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Rendering of the word Tax and Computer Mouse The U.S. Supreme Court ruled today that states have broad authority to force online retailers to collect potentially billions of dollars in sales taxes, overturning a prior decision that had barred the practice if the retailer had no “physical presence” in a state.

The ruling is seen as a win for brick-and-mortar businesses that have long complained they are disadvantaged by having to charge sales taxes while many of their online competitors do not. The decision could also be a boon to the revenue bases of the 45 states that charge sales taxes and collectively stand to gain an estimated $13 billion, according the U.S. Government Accountability Office.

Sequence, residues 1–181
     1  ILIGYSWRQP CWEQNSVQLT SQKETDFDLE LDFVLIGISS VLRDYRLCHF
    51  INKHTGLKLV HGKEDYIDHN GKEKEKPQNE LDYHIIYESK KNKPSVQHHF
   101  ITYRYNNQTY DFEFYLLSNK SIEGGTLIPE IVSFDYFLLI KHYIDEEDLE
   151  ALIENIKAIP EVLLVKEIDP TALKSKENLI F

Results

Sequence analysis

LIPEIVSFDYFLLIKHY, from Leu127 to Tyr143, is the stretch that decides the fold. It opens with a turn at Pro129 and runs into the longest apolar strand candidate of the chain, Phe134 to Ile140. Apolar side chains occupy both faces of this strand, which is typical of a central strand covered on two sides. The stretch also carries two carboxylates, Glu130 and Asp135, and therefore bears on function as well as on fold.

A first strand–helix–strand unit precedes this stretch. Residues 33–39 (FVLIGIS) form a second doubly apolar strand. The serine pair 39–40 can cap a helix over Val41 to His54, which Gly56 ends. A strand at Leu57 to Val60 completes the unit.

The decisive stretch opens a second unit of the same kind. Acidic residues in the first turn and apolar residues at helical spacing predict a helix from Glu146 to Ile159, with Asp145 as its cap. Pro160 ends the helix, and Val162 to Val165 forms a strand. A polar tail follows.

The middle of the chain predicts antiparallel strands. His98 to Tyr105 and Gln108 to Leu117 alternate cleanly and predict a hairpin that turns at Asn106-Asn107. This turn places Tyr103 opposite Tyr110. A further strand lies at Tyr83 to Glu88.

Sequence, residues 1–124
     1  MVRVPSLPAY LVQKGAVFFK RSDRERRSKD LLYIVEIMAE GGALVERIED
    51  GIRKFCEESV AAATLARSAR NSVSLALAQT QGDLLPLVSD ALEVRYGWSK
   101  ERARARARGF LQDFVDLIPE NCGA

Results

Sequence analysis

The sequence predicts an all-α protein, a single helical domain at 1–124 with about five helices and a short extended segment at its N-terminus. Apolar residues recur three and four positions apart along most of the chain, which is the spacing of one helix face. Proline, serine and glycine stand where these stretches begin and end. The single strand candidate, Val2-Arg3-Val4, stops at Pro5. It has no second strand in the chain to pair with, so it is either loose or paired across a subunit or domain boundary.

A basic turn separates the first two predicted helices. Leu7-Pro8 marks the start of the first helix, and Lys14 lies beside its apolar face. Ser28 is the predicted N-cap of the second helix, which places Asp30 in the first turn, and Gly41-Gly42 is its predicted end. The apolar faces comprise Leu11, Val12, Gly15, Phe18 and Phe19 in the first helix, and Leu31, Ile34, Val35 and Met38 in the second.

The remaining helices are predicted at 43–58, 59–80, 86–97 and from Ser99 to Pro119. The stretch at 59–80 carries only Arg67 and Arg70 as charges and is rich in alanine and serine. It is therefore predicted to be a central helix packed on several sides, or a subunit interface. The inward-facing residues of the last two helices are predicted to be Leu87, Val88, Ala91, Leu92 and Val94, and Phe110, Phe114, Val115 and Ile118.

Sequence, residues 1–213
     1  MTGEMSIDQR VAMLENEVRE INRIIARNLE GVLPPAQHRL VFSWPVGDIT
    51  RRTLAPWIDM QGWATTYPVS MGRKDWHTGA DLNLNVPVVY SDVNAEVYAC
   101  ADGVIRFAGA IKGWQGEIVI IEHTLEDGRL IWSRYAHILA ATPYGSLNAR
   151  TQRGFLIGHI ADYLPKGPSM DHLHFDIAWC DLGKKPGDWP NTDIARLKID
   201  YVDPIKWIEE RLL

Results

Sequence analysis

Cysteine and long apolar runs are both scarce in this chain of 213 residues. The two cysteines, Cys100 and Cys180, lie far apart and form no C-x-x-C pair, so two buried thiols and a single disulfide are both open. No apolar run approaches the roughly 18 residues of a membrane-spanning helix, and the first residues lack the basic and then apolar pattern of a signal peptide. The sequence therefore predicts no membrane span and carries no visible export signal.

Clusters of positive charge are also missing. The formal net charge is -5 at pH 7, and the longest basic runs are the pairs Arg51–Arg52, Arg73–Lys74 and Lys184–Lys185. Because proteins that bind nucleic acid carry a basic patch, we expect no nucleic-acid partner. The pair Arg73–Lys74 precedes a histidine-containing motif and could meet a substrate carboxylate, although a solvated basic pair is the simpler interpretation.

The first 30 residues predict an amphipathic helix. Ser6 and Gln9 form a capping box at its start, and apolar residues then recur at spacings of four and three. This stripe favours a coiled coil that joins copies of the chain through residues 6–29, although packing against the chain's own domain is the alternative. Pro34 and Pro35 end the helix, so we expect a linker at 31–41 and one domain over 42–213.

In a 5-4 ruling, the Supreme Court sided with South Dakota in its legal battle with e-commerce companies by ruling against Wayfair, Overstock.com and Newegg.  The justices broke with 50 years’ worth of legal rulings, which had previously barred states from imposing sales taxes on most of the purchases their residents buy from out-of-state retailers.

Most of the top 20 online sellers already collect taxes in nearly all states, either because they have added local showrooms or warehouses, or because of state laws. The decision will have the most impact on smaller online retailers that do business in many different states.

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